“The focus on my talks is also on the families left behind including the families of the offenders.
“Their lives are destroyed because communities ignore them.
“They are the people that get forgotten.
“Your life changes when you or your family member commits a crime or is a victim of a crime.
“We never used to go back and see the victim’s families or the families of the offenders, they were more or less trapped in the house and told ‘take these pills’ . They are the invisible victims.
“I was at a talk in Lancashire and a family member of a murder victim came and said ‘can I thank you so much because we are forgotten about.”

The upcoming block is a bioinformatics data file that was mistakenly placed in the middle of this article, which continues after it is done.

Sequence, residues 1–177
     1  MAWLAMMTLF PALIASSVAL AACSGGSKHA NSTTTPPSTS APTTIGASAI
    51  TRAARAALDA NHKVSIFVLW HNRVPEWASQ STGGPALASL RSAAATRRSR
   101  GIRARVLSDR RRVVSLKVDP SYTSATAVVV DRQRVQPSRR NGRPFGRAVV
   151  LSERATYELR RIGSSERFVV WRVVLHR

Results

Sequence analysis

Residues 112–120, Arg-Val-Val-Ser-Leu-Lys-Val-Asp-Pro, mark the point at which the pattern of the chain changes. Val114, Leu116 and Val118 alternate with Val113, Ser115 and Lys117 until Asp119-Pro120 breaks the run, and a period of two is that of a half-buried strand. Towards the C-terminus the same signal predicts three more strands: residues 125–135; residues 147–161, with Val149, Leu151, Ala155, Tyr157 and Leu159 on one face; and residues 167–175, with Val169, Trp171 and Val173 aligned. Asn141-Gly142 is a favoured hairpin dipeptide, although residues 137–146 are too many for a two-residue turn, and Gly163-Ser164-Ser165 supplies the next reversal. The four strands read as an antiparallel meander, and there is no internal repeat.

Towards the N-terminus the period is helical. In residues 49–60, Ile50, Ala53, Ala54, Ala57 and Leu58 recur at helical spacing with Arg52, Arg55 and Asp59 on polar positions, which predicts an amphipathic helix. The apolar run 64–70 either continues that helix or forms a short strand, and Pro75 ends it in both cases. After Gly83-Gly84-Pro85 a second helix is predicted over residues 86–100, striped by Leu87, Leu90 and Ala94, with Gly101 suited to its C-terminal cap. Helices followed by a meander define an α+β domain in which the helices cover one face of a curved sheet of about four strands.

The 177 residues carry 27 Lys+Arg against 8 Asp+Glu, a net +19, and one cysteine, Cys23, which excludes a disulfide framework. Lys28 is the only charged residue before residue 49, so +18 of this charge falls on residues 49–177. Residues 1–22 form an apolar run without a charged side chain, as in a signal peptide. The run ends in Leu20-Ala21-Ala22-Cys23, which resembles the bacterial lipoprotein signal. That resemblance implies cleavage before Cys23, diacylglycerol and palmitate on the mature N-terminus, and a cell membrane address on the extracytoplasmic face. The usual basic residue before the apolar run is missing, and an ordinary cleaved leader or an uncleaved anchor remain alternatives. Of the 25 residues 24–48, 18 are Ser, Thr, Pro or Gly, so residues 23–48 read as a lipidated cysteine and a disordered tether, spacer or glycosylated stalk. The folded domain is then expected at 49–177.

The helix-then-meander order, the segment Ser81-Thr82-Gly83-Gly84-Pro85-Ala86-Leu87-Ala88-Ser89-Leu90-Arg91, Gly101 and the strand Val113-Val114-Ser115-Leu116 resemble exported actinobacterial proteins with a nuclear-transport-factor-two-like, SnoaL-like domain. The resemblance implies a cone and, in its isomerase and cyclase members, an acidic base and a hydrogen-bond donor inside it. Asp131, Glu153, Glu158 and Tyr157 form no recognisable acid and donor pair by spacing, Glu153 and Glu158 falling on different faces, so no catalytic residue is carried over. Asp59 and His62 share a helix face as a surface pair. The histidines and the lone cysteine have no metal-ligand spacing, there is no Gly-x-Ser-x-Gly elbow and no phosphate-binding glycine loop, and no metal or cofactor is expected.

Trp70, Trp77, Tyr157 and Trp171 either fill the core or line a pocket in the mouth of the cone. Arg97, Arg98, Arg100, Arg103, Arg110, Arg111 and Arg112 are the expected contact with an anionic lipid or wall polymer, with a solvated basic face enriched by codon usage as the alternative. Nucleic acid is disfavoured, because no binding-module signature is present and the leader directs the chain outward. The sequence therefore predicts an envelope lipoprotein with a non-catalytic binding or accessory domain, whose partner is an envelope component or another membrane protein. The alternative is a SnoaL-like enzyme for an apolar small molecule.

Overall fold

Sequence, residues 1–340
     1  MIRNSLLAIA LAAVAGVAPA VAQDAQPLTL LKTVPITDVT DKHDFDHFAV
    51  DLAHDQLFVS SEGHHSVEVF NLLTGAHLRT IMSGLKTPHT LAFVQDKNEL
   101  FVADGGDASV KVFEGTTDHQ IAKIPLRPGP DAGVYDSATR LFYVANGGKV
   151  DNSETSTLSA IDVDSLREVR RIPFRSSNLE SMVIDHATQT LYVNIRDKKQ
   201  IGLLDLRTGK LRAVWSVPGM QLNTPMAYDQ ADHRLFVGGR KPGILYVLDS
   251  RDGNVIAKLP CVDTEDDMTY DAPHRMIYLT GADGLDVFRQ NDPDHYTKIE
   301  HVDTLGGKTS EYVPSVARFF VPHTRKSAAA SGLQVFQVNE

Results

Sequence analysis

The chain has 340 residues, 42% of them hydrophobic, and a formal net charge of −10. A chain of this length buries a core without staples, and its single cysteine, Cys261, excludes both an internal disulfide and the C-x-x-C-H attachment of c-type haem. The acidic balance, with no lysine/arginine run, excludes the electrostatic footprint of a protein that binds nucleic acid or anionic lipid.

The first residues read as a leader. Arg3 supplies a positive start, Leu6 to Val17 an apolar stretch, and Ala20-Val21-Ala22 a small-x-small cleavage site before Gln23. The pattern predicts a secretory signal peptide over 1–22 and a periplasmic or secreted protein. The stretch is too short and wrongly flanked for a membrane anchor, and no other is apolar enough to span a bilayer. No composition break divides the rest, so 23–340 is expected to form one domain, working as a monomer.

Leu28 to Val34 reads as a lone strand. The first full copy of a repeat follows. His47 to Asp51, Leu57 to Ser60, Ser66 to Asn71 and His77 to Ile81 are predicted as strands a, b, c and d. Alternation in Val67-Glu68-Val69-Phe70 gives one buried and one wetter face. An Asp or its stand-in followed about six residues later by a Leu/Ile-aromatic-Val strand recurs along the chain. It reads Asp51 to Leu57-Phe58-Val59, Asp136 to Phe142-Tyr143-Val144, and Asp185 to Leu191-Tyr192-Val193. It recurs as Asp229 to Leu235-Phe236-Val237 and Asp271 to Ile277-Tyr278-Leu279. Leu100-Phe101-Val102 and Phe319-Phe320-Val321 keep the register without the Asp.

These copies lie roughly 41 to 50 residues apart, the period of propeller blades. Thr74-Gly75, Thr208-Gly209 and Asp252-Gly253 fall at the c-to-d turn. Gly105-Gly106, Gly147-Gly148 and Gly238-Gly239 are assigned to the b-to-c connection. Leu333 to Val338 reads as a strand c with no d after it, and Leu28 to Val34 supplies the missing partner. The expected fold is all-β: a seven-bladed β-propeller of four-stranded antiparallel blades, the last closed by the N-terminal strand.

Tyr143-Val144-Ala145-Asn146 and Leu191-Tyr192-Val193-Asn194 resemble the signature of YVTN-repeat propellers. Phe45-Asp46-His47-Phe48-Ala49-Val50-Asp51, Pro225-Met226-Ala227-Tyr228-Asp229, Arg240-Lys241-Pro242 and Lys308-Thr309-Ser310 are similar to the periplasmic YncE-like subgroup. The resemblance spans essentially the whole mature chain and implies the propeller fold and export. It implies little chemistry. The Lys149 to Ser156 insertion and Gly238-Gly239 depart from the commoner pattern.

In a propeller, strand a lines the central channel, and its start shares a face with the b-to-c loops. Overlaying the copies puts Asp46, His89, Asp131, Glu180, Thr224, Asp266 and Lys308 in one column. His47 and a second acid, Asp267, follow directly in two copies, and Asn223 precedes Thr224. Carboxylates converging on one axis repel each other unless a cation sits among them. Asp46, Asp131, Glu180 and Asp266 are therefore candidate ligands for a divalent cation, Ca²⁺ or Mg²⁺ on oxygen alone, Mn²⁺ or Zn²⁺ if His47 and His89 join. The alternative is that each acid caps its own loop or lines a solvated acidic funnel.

Paul has dealt with some curious cases, none more so than the case of Robert Maudsley who is in Wakefield High Security Prison.
He said: “He was jailed as a 16-year-old for murdering the man who sexually abused him.
“In prison he was housed with paedophiles and he repeatedly told the authorities ‘not to leave him with these people.’
“One day he snapped and killed two more people. He cut open one of their skullcap’s and put a fork into the brain, a bit like Hannibal Lecter, the fictitious serial killer seen in films.
“He became a serial killer in prison. He was sentenced to life in prison and is now in the basement of the prison in a glass cell.
“He has been there since the late 1970s. There is no natural light and he has been in there for 25-30 years.
“He writes letters to anyone, asking if his imprisonment can be reviewed. He wants to go back into normal prison life.
“I wrote letters to the Home Secretary and the Queen but I didn’t get a reply.